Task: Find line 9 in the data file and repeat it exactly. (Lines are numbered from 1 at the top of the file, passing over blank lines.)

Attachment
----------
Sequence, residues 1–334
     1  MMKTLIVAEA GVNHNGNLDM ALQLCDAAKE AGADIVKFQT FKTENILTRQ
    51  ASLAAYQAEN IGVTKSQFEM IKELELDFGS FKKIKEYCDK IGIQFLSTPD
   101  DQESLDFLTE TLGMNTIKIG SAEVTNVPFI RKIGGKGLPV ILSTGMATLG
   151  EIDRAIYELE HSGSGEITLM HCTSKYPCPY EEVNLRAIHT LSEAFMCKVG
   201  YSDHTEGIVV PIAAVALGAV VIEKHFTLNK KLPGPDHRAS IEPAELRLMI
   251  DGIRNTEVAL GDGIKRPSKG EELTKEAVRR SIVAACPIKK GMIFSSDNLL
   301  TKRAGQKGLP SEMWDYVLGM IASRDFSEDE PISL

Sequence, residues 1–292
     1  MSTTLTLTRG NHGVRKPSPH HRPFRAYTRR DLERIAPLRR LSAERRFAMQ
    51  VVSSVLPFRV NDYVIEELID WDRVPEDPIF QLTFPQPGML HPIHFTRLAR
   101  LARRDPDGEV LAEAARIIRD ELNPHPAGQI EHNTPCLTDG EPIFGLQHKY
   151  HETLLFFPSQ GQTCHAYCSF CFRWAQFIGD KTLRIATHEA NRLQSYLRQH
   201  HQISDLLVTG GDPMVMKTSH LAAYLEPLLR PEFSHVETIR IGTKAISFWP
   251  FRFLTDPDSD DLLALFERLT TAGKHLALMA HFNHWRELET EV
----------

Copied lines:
Sequence, residues 1–292